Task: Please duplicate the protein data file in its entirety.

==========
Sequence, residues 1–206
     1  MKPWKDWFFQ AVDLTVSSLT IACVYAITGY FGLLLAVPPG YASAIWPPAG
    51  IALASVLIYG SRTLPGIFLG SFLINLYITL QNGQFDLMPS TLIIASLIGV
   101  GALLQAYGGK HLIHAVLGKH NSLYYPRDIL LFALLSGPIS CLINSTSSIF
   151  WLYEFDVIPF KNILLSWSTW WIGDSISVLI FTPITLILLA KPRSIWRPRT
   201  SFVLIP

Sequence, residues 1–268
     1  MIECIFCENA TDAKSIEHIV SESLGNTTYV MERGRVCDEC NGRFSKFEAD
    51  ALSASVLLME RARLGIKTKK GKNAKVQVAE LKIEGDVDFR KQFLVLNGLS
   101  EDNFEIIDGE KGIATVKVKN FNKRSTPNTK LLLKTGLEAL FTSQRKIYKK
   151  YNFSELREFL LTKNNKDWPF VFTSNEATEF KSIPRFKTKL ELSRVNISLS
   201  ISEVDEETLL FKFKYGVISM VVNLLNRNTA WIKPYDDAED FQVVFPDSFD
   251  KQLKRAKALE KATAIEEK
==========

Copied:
Sequence, residues 1–206
     1  MKPWKDWFFQ AVDLTVSSLT IACVYAITGY FGLLLAVPPG YASAIWPPAG
    51  IALASVLIYG SRTLPGIFLG SFLINLYITL QNGQFDLMPS TLIIASLIGV
   101  GALLQAYGGK HLIHAVLGKH NSLYYPRDIL LFALLSGPIS CLINSTSSIF
   151  WLYEFDVIPF KNILLSWSTW WIGDSISVLI FTPITLILLA KPRSIWRPRT
   201  SFVLIP

Sequence, residues 1–268
     1  MIECIFCENA TDAKSIEHIV SESLGNTTYV MERGRVCDEC NGRFSKFEAD
    51  ALSASVLLME RARLGIKTKK GKNAKVQVAE LKIEGDVDFR KQFLVLNGLS
   101  EDNFEIIDGE KGIATVKVKN FNKRSTPNTK LLLKTGLEAL FTSQRKIYKK
   151  YNFSELREFL LTKNNKDWPF VFTSNEATEF KSIPRFKTKL ELSRVNISLS
   201  ISEVDEETLL FKFKYGVISM VVNLLNRNTA WIKPYDDAED FQVVFPDSFD
   251  KQLKRAKALE KATAIEEK